BLG Leadership Insights Features

The Dollar Value of Leaders

Next time your boss gets mad at you, show him or her this chart.

According to the research presented–it takes an employer about $5,500 to replace one $8 dollar-an-hour employee. If you’re lucky enough to make more than $8 an hour–imagine what it would cost your company to replace you.

If I knew this a few years ago I would have been a far worse retail employee.

Anytime my manager would demand I that I put my cellphone away, I’d bring up the $5,500.

Anytime I’d be caught taking a long 15 minute break, I’d bring up the $5,500.

And if I happened to arrive late–I’d cough, $5,500.

I wonder how far that would have got me. Probably exactly where I am now. Sitting in an office, remincing about the good old days in retail where lunch breaks were one hour long, by law.

The graphic wants to warn small business and HR departments that firing and hiring aren’t cheap processes. Time and money goes into finding and training new people as well as making sure the person on the way out has all his paperwork in order.

But that’s obvious. However, seeing a dollar amount attached to the process makes the obvious startling.

The chart also revels something else, but not directly. It shows small buiness owners and HR departments the value of good leadership.

Good leaders create retention. People like good bosses that communicate goals, push movement, and create some space for creativivity. If people are happy, they tend to stick around.

Now we can look at the chart a different way.

Every talented leader creates value–$5,500 dollars or more of it–every time they rally a team together, get things done, and make people feel good about themselves.

Again, this might be obvious, but it’s helpful to see, in real dollars, how much money a good leader can save a company.

BLG Leadership Insights Leadership On the Edge

10 Must-Read Social Media & Leadership Stories From July 5-9

1. 11 ‘tragic’ behaviors leaders should probably certainty unlearn.

2. Here’s your que to breath a sigh of relief: Maybe you don’t need a social media strategy.

3. Leadership and life evaluation from Bill Murry’s unique perspective.

4. Learning some compelling HR pointers from a soccer club in the Netherlands.

5. Key steps leaders can take to avoid becoming irrelevant.

6. Interesting examples of good, bad, and ugly corporate social media strategies.

7. 4 solid lessons from entrepreneurs who made it in college.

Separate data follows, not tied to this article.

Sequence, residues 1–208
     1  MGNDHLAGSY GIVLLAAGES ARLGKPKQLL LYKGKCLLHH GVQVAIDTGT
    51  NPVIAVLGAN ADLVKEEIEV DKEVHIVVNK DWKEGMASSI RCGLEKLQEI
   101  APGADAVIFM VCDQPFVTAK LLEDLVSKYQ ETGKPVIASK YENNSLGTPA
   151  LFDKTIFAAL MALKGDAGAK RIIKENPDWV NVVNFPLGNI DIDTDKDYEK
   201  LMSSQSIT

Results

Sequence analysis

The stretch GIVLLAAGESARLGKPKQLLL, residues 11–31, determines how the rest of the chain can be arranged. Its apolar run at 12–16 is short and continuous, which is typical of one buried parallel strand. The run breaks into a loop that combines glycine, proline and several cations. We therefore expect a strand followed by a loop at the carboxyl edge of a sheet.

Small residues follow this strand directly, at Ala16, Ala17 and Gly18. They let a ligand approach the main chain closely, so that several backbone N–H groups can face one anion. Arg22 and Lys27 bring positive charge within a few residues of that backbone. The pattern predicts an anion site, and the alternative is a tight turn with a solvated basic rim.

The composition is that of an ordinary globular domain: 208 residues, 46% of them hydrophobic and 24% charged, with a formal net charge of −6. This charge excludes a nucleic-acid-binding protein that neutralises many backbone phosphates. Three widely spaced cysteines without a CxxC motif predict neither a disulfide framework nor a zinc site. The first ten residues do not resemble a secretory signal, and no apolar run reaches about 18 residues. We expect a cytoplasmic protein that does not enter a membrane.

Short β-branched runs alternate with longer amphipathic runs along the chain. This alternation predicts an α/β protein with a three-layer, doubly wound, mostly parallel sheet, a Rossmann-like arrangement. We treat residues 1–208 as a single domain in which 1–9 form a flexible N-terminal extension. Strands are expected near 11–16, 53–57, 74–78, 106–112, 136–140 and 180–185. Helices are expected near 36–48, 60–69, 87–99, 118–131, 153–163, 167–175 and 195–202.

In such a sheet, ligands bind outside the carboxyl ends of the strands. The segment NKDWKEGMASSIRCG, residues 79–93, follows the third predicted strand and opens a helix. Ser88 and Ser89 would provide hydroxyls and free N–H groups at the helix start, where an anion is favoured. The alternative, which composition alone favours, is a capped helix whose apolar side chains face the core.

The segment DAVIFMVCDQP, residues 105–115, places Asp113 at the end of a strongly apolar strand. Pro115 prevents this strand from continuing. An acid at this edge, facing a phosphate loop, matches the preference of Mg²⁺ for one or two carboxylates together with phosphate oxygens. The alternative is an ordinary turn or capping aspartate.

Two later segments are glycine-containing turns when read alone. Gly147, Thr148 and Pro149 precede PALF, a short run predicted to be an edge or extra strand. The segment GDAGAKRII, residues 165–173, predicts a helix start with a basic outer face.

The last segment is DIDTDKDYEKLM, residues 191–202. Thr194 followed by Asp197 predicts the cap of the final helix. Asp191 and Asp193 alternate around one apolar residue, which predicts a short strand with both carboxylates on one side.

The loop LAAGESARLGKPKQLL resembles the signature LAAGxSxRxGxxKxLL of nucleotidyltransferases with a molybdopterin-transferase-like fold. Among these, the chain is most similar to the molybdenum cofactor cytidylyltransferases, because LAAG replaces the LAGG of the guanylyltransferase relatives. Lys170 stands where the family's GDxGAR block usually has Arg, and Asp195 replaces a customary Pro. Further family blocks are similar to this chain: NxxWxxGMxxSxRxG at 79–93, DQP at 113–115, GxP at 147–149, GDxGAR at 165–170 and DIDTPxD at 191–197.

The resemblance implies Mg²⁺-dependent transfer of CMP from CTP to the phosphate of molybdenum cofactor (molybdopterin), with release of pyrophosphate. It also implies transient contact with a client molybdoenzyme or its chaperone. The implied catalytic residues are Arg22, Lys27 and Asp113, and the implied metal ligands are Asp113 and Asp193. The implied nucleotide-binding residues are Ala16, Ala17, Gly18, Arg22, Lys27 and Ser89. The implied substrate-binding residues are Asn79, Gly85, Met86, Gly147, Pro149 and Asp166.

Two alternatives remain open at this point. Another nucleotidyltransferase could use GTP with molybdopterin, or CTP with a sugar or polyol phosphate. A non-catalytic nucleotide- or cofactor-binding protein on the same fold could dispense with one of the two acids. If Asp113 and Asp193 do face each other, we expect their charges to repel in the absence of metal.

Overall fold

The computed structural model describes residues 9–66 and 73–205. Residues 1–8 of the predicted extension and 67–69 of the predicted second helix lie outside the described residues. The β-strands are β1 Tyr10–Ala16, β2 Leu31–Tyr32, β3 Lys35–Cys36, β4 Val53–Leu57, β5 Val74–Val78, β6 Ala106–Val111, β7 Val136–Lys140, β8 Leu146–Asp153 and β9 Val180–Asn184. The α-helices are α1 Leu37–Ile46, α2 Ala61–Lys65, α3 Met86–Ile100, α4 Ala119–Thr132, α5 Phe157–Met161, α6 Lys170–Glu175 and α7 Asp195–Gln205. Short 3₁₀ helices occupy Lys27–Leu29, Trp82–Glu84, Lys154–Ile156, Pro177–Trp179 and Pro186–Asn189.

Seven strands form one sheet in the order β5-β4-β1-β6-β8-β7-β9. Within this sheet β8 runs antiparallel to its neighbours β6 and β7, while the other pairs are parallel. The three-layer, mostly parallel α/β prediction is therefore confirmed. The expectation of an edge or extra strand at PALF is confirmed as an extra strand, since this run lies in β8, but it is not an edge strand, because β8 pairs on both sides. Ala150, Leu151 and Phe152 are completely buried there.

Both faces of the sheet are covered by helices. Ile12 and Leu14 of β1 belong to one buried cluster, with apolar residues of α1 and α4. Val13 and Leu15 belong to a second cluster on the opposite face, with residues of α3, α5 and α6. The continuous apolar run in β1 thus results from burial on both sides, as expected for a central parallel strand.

8. The story behind 15 great companies and how they named themselves.

9. America’s distant relationship with soccer and the World Cup.

10. The odd time-line of a brand’s legacy: The Popsicle.

BLG Leadership Insights Leadership On the Edge

10 Must-Read Social Media & Leadership Stories From June 1-4

1. Breaking bad news to the boss or a colleague can be hard. Thankfully (and with humor) Nicole De Flanco gives us 5 easy steps to follow.

2. A great (and easy to follow) guide to Heisenberg’s Uncertainty Principle and how it relates to management.

3. Leaders have to control their ego in order to lead effectively. Here are 10 ‘red flag’ warning signs that narcissism might be looming.

4. Social media recruiting: looking for work and networking on Facebook just got easier with Simply Hired.

5. Great ways cloud computing can help small businesses (cheaply and easily).

6. WikiLeaks fights for transparency. A great example of a visionary leader under pressure.

7. Using social media to bridge the Baby Boomer / Gen Y generation gap.

8. Location can shape the quality of a person’s work. This post explains four reasons location can be a big factor for leaders and teams.

9. Great resource: The Top 50 HR Blogs to Watch.

10. Doing business in China is a challenge. We’d do well to learn form how different corporate leaders deal with the hurdles.

Picture Link: Heisenberg

BLG Leadership Insights

Gary Bettman and Rob Manfred Cornell Club Talk [Video]

The ILR Workplace Colloquium Series is held at The Cornell Club in New York City. Periodically we bring together practitioners, Cornell alumni, policymakers, and academics for an evening of good food, presentations, and open discussions on workplace topics.

A few months ago we had the pleasure of hosting Gary Bettman, NHL Commissioner, and Rob Manfred, VP HR for MLB. They jointly discussed labor relations in sports. The talk was called, “Human Resource Practices and Industrial Relations in Professional Sports.” The discussion and the following question and answer session was fantastic. Even those who weren’t especially sports fans or knowledgeable about labor relations in sports management found the conversation entertaining and educational.

If you’re sorry that you missed it. Don’t worry. It’s on our IWS Colloquium Website for all to see. Please find it here.

I hope you enjoy it as much as I did.

Picture Credit: mhaithaca